Precautions for Coronavirus (COVID-19)
UPDATED 3/16/2020 - As COVID-19 continues to spread across the United States, the Champaign-Urbana Mass Transit District (MTD) is taking several steps to better protect all employees and passengers. We are monitoring the situation very closely through regular contact with the Champaign County Public Health District and the Champaign County Emergency Management Agency, as well as other valued community partners, municipalities, and public officials.
With the confirmed transmission of COVID-19 in Champaign County, we understand there may be concerns about safety in public spaces, and as a result, we have implemented a more robust sanitation process for our fleet.
Our vehicles are cleaned every day, but as a precaution, we have introduced a deep cleaning procedure to disinfect our vehicles using electrostatic sprayers. The sprayers use medical-grade Husky 814 Q/T Tuberculocidal disinfectant solution (EPA-Registered #1839-83 - Approved for Use Against COVID-19) to eliminate everything, from tuberculosis to coronavirus, on treated surfaces. These sprayers emit the solution with a static electric charge, which allows it to adhere to everything, including cracks and crevices throughout the vehicle’s interior.
MTD buses are currently being sanitized at least twice a week; however, we are prepared to increase those efforts as needed. Vans for ADA Paratransit, C-CARTS, and DRES are on a more rigorous daily sanitation schedule because these services tend to transport more vulnerable populations including elderly riders, people with weakened immune systems, and those with underlying health conditions.
While the CDC reports that the immediate public risk of contracting COVID-19 is fairly low, we have taken precautionary steps to protect our passengers and employees. We have provided our frontline employees with individual bottles of hand sanitizer to use when soap and water are unavailable because hand washing is the first line of defense recommended by the CDC.
MTD will continue to follow the advice given by public health officials and we ask our passengers to do the same:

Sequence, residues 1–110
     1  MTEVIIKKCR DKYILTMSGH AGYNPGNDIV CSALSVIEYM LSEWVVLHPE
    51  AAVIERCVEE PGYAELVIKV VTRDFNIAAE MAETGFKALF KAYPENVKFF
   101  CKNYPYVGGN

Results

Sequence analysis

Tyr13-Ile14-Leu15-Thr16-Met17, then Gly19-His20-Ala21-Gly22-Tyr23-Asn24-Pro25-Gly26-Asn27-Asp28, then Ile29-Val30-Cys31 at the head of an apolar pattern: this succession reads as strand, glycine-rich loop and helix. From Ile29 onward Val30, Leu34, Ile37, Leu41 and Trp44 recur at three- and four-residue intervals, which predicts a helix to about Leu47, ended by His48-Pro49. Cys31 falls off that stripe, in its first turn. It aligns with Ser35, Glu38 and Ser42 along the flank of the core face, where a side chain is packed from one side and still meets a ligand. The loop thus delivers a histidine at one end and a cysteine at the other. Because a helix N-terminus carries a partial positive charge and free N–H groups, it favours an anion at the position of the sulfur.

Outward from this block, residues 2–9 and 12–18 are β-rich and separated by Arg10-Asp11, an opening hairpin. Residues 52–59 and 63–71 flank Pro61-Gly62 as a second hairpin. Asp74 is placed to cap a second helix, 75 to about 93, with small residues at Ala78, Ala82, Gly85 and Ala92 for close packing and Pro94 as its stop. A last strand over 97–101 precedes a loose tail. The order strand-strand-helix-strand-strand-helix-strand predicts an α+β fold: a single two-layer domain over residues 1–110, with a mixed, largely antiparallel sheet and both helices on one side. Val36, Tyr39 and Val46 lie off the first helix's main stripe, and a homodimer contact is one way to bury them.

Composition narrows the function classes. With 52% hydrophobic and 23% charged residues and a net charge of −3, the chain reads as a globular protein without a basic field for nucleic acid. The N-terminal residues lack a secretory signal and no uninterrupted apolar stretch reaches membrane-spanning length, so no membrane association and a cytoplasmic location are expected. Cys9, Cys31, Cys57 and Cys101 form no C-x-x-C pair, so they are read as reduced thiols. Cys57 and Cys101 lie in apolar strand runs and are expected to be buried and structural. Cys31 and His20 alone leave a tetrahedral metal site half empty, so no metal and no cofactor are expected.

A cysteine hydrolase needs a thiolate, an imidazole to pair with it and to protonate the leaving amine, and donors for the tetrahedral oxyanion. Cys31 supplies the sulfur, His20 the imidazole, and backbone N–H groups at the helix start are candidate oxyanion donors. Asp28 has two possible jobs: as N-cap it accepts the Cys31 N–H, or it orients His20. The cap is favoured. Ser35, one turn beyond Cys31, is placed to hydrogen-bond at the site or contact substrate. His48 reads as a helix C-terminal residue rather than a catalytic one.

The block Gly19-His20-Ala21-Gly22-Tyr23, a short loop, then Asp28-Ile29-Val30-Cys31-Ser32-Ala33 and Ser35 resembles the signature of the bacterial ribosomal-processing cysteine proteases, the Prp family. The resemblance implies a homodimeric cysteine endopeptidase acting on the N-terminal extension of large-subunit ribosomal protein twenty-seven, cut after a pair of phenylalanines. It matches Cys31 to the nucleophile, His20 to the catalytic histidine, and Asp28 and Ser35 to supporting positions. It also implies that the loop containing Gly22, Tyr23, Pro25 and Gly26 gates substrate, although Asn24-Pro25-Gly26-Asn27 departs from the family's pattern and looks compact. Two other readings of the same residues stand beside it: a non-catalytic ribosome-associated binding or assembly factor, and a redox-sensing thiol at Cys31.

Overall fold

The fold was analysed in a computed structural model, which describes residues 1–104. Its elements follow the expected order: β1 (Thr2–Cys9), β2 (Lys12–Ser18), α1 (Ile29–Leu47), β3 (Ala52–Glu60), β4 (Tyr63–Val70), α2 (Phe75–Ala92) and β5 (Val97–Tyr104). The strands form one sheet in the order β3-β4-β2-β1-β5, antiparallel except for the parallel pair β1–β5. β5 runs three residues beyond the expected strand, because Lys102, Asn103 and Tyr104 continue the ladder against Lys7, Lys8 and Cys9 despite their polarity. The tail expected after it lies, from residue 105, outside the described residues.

- Clean your hands often - wash your hands with soap and water for at least 20 seconds especially after you have been in a public place, or after blowing your nose, coughing, or sneezing. If soap and water are not readily available, use a hand sanitizer that contains at least 60% alcohol. Cover all surfaces of your hands and rub them together until they feel dry.
- Avoid touching your eyes, nose, and mouth with unwashed hands.
- Avoid close contact with people who are sick
- Stay home if you are sick, except to get medical care.
- Call your doctor or nurse hotline to determine if in-person care is needed to avoid overwhelming our local health care facilities.
- Cover coughs and sneezes
- Throw used tissues in the trash and wash your hands immediately after
- Wear a facemask if you are sick
- If you are NOT sick: You do not need to wear a facemask. Facemasks may be in short supply and they should be saved for caregivers.
Clean and disinfect
- Clean AND disinfect frequently touched surfaces daily. This includes tables, doorknobs, light switches, countertops, handles, desks, phones, keyboards, toilets, faucets, and sinks.
- If surfaces are dirty, clean them: Use detergent or soap and water prior to disinfection.
Take steps to help medical personnel
- Unless you are sick, you do not need to wear a facemask. Masks are in short supply and should be prioritized for caregivers, medical staff, and those who are sick.
- If you are sick, an initial phone consultation with your doctor’s office may help prevent the spread of illness but also alleviate congestion in medical facilities.
- While there is currently no vaccination against COVID-19, if you have not had a flu or pneumonia shot, you can still get one to protect yourself from other illnesses. Preventing the flu and pneumonia can help medical facilities avoid overcrowding.
Preparing your household
- Refill prescription medications in case your household falls under quarantine. Call your doctor to see if a three-month prescription can be ordered.
- Prepare to stay in your home for two weeks or more, with critical items including food, hygiene items, over-the-counter medication, and pet supplies.
- Stay up to date with information and guidelines from public officials.
- Champaign-Urbana Public Health District (CUPHD) (217) 352-7961 email@example.com
- Center for Disease Control and Prevention (CDC)
- Illinois Department of Public Health (IDPH)
- World Health Organization (WHO)